Black Sea shipping traffic slowing after Russia, Ukraine warnings
The number of ships looking to pick up grain cargoes from the Black Sea area has fallen 35% this week versus the previous week with growing uncertainty over whether commercial traffic could be hit as Russia continues to pound food facilities in Ukraine.
Moscow’s direct attacks on Ukraine’s grain for four days running followed a vow by Kyiv to defy Russia’s naval blockade on its export ports following Moscow’s withdrawal earlier this week from a UN-brokered safe sea corridor agreement.
Russia said it would deem all ships heading for Ukrainian waters to be potentially carrying weapons from Thursday, in what Washington called a signal it might attack civilian shipping. Kyiv later responded by issuing a similar warning about ships headed to Russia.
“We believe the aggressive rhetoric is likely to lead to a reduction in owners willing to traffic in the region and creates further complexity with respect to insurance availability,” Jefferies analyst Omar Nokta said in a shipping note on Friday.
The number of dry bulk vessels ranging from the smaller handysize to supramax sized ships that were positioning themselves to transport grains from the Black Sea region dropped 35% this week versus the previous week, according to analysis from maritime and commodities data platform Shipfix.
The data showed that only 20 vessels were marketed for forward business for the rest of July into early August, compared with 32 vessels sought the previous week.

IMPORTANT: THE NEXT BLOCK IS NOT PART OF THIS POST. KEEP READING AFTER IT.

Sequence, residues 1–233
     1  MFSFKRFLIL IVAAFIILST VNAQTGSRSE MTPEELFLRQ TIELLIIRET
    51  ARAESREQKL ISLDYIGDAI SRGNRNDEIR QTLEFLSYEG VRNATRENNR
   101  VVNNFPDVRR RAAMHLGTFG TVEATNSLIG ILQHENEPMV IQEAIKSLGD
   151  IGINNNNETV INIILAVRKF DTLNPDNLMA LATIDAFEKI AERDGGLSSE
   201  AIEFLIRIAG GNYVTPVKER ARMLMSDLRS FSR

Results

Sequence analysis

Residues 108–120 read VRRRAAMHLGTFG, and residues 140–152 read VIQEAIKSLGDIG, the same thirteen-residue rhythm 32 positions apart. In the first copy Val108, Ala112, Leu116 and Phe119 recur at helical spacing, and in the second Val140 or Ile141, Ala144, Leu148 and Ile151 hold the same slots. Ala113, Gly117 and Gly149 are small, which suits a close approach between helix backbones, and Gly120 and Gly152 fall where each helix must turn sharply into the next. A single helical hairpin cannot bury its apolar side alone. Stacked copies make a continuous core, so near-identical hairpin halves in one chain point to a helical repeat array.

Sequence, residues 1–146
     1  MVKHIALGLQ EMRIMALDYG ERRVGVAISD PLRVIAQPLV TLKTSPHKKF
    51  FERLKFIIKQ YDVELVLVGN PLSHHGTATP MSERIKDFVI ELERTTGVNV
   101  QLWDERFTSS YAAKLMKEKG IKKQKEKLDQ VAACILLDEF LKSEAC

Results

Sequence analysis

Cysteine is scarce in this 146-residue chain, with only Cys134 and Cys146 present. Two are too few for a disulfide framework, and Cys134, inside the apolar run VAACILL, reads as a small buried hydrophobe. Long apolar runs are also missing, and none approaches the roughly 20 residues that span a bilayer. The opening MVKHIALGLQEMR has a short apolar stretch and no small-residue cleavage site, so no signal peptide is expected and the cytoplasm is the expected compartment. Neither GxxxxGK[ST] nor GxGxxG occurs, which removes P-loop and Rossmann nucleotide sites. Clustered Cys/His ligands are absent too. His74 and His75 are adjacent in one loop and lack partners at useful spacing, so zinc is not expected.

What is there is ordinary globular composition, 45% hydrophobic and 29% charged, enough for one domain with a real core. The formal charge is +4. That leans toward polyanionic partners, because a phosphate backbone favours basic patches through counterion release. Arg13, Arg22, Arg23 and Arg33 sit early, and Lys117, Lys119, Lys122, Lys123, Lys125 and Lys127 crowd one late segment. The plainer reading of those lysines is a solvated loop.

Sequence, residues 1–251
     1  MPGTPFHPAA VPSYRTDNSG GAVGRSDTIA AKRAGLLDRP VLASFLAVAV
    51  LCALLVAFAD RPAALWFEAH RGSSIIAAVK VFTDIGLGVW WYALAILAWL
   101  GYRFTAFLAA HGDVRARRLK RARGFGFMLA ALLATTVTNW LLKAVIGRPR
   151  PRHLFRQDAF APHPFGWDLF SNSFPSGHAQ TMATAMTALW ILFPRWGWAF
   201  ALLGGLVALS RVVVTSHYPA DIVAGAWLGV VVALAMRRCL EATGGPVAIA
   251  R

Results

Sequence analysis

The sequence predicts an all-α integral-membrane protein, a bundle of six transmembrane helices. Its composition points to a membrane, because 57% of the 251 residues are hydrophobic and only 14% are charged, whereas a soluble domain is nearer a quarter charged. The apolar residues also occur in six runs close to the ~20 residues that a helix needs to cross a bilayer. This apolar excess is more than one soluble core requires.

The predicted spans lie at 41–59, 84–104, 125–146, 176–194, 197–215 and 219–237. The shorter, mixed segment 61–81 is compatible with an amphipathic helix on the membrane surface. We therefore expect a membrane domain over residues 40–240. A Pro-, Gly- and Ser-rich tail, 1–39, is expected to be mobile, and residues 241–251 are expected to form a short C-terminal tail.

Many insurers have now suspended providing cover for shipments from Ukraine apart from the smaller ports along the Danube, insurance industry sources said on Friday.
“The big question is the safety of Danube ports going forward,” one source said.
There were dozens of ships waiting to pass through the Danube channel on Friday including vessels bound for Romania or leaving from there, according to data from analytics company MarineTraffic.
Additional war risk insurance premiums, which are charged when entering the Black Sea area, need to be renewed every seven days.
They already cost thousands of dollars and are expected to go up, given also the risk of floating mines.
War risk cover for Russia’s Black Sea ports was still available on Friday with little change in rates for now, insurance sources said.
Russia’s defence ministry on Friday said its Black Sea fleet had practised firing rockets at “floating targets” and apprehending ships. Moscow’s ambassador to Washington denied any plan to attack ships.
Source: Reuters (Reporting by Jonathan Saul; Editing by Sharon Singleton)